Prime Minister Tony Blair’s announced last week that Britain will withdraw 1,600 of its 7,000 troops from Iraq in the coming months. Britain’s announcement came as the Bush administration is increasing U.S. troop strength in Baghdad and in Anbar Province by 21,5000. Denmark says it will withdraw its 460 troops from southern Iraq by August, and Lithuania says it may pull out 50 troops about the same time.
U.S. officials describe Britain’s announcement as a sign of the type of “success” they would like to see in the Baghdad area. Most of Britain’s troops are in the southern region of Basra, which is considerably less violent by comparison. But some regional analysts view the withdrawal as the beginning of the end of British military involvement in Iraq.
Gerard Baker, U.S. editor of The Times of London, says Tony Blair’s decision may represent an acknowledgment of the British public’s anger over the war in Iraq and a desire to focus on his own political legacy. Speaking with host Judith Latham of VOA News Now’s International Press Club, Mr. Baker says people think Tony Blair’s decision has less to do with the “situation on the ground” and more to do with his need before he leaves office to have some sort of “token of success,” while at the same time “not wanting to disrupt relations with Washington.” Another important factor, Gerard Baker says, is that British troops are over-stretched and are needed in other places, especially Afghanistan. In fact, Defense Minister Des Browne announced earlier this week that Britain would send 1,700 more troops to Afghanistan, where British forces are involved in “some very serious fighting” against the Taliban and al-Qaida.
Nadia Bilbassy, senior Washington correspondent with Al-Arabiya television, says Britain’s decision to send more troops to Afghanistan is viewed positively by many Arabs, who think that – if you want to fight al-Qaida – Afghanistan is the right “battlefield,” rather than Iraq. She adds that, even though the Bush administration has characterized the British draw down in Iraq as a sign of success, the Arab World views Tony Blair’s decision as a sign of defeat for the U.S.-led coalition.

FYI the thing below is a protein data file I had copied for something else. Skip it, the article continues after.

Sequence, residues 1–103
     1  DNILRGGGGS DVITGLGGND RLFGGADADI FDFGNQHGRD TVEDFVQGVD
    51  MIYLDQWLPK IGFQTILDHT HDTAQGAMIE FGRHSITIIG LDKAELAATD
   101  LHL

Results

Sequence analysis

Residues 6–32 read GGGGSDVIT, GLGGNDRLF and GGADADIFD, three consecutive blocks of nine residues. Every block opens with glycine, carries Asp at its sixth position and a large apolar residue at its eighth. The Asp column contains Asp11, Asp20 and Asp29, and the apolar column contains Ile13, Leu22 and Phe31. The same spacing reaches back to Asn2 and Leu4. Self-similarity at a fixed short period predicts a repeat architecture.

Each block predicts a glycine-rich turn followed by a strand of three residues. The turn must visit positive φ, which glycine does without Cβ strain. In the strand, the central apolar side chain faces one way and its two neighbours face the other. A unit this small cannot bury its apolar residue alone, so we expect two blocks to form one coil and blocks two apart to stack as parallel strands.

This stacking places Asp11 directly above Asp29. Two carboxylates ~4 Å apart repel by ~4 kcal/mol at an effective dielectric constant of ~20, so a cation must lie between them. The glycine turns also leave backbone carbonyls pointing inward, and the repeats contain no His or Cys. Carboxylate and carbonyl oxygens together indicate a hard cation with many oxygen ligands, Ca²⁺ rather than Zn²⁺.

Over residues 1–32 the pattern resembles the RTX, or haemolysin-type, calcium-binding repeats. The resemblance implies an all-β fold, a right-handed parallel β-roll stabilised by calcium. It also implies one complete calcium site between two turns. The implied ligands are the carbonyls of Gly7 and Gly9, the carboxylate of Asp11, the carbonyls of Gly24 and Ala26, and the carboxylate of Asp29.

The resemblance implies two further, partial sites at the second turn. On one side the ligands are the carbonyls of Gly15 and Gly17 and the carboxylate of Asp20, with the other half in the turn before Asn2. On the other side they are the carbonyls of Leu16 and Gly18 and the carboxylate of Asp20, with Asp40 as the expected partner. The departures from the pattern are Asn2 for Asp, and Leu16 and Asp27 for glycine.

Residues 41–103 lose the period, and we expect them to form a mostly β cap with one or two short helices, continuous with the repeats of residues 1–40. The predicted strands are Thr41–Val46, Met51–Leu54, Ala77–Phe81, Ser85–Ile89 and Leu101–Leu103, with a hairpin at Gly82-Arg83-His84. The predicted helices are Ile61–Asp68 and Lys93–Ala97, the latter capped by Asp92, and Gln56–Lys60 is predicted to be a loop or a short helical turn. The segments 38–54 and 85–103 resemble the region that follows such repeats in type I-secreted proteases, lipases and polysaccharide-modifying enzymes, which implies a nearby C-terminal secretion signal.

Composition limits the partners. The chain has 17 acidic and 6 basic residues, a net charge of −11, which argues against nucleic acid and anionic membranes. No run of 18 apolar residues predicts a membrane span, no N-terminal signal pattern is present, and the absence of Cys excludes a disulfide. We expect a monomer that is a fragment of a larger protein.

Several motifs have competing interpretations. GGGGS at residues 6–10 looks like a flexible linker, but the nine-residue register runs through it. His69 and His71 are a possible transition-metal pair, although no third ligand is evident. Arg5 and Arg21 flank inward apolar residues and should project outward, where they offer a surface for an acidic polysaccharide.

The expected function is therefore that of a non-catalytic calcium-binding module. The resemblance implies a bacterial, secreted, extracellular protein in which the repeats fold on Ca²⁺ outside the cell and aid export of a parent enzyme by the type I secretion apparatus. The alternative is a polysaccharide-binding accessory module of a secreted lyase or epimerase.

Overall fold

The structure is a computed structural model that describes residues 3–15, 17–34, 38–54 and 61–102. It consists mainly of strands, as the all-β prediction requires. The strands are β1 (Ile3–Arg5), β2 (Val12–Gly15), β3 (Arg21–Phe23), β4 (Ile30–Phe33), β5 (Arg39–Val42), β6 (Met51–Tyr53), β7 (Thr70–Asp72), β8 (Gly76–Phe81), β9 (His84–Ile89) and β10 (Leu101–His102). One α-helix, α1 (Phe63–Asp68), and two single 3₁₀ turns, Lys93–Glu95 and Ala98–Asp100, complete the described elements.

Danish journalist David Trads, editor-in-chief of Nyhedsavisen (The Newspaper), says that the British and Danish decisions to withdraw their troops from Iraq were closely connected. He notes that Danish troops actually work under British command in southern Iraq. Although the decision from Lithuania has yet to be finalized, Mr. Trads says, people in Denmark are of the opinion that Lithuania, as well as “most European supporters of the Iraq war,” will leave. Because the Iraq war is so unpopular with the populace, he adds, many European heads of government are trying to distance themselves from President Bush’s current Iraq strategy.
Italy, Spain, Ukraine, Japan, and New Zealand have already withdrawn troops from Iraq. For now, Britain will remain the second largest foreign military presence in Iraq, after the United States. South Korea is third, but plans to withdraw half of its troops soon. Other countries with hundreds of troops remaining in Iraq include Poland, Romania, Bulgaria, Georgia, Azerbaijan, El Salvador, and Australia.
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